Until the 19th century, in the history of European fashion, clothes, working in concert with the body, created new forms through the interposition between them of “foundation,” a sub-structure which functions creatively. It created extravagant forms and proliferated intricate decorations on the surface. However, in the 20th century the relationship between clothes and the body showed a different development from that of the previous centuries where it was ensconced in a uniform, visual space. Clothes and the body-fashion-changed, became the subject, and was no longer an object simply to be seen. As the art of the 20th century was devoted to an expression of the self, the body itself became a powerful medium of expression in fashion.

Although in general we must concede to Lemoine-Luccioni’s statement that “women had no bodies of their own until the beginning of the 1980s. Courrège’s line, Dior s line, Saint-Laurent’s line….. They were as different as their handwriting,”1 the multifaceted relationship between the body and fashion blossomed around us at the end of the 20th century. How did it happen and where does it intend to go? How did the 20th century culture actualize body images in fashion? Continue reading “Visions of the Body — Body Images and Fashion in the 20th Century”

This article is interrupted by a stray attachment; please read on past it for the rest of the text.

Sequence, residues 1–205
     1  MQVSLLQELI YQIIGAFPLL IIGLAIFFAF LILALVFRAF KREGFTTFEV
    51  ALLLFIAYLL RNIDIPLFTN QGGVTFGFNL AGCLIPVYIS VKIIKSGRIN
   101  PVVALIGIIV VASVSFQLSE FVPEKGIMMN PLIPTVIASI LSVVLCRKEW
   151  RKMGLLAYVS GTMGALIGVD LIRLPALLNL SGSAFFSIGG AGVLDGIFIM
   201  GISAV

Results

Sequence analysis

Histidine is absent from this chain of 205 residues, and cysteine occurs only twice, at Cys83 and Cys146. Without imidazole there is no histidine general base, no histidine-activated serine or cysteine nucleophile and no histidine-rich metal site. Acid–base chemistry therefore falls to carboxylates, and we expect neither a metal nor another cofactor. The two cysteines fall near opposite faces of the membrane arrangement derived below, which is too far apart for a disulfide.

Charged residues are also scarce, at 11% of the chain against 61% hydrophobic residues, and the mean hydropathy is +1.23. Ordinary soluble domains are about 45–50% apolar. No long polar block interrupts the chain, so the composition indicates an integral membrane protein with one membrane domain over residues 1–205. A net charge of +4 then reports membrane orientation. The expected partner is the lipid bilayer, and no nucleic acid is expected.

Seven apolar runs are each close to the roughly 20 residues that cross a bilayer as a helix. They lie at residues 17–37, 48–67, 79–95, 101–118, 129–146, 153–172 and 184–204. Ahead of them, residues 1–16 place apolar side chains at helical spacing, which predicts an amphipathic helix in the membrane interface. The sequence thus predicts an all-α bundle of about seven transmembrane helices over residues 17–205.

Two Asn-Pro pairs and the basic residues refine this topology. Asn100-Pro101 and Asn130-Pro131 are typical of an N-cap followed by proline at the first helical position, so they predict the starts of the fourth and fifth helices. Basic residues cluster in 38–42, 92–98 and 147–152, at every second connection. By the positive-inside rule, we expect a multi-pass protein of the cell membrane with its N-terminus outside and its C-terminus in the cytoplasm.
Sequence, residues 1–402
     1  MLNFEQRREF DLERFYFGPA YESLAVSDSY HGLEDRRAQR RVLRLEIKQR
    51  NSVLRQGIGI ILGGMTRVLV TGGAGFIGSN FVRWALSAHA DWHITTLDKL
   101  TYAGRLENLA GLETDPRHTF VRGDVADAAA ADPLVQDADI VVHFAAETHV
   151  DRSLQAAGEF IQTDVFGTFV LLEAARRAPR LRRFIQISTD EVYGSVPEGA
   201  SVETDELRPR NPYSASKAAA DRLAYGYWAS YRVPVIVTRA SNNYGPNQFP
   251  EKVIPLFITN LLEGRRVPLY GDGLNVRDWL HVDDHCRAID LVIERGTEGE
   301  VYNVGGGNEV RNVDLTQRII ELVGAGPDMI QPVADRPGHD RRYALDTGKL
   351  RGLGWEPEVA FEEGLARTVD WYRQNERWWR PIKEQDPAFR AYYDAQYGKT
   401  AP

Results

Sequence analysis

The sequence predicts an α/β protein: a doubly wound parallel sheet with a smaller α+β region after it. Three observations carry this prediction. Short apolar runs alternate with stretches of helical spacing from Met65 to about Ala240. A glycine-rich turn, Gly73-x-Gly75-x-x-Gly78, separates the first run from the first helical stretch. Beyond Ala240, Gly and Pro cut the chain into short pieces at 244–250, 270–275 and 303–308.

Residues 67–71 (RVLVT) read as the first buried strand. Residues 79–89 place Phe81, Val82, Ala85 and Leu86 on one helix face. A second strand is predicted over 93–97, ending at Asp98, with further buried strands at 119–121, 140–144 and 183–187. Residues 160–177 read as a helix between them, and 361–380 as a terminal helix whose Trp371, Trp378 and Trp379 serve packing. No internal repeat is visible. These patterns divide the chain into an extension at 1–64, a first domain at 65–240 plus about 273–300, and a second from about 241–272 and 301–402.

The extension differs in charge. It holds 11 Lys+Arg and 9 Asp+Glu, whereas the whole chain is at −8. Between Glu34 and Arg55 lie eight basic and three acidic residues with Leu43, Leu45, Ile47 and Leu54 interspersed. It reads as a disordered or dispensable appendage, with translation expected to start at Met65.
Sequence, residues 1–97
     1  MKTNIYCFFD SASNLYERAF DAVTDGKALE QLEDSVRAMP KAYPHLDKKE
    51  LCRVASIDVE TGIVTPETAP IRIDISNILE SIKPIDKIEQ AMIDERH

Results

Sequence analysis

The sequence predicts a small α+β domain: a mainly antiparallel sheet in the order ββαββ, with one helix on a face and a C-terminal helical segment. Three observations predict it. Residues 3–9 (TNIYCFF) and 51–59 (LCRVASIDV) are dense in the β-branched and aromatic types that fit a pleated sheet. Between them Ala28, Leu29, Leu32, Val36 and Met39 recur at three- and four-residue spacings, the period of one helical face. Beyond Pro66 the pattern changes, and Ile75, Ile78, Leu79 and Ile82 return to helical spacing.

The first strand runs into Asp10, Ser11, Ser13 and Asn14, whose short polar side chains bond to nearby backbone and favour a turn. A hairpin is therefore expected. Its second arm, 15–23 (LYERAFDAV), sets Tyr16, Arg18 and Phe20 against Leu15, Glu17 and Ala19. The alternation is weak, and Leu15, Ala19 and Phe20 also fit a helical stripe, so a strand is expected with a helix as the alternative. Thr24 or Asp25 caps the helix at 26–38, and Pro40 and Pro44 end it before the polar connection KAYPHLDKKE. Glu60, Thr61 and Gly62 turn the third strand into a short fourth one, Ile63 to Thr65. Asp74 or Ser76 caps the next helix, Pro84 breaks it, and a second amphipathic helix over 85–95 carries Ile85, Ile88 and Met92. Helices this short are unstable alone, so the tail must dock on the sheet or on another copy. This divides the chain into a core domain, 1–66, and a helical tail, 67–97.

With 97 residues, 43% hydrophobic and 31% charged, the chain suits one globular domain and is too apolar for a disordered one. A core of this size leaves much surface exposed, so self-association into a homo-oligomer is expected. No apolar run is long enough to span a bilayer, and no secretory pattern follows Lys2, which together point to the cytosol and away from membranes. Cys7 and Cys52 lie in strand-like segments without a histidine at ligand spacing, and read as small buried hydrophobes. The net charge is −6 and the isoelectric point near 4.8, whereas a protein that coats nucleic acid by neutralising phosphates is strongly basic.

An Empirical Study Of Luxury Brand Marketing Effectiveness And Its Impact On Consumer Engagement On Facebook

An Empirical Study Of Luxury Brand Marketing Effectiveness And Its Impact On Consumer Engagement On Facebook


 Article by Chedia Dhaoui* Insight Social Networks, Sydney, Australia


Abstract

Luxury brands have embraced the social media era through marketing communications pointing out the particular attributes of luxury such as high quality, rich pedigree, rarity, personality and placement, as well as using public relations, public figures and typically high pricing, to drive consumer engagement. This paper provides empirical findings about the effectiveness of luxury brand marketing in driving consumer engagement on social media platforms. An empirical study of 52 luxury brands’ Facebook pages has been conducted. The findings of this study provide valuable guidance for luxury brand managers and marketing researchers on how to formulate and implement effective social media marketing strategies to leverage their luxury brand’s potential.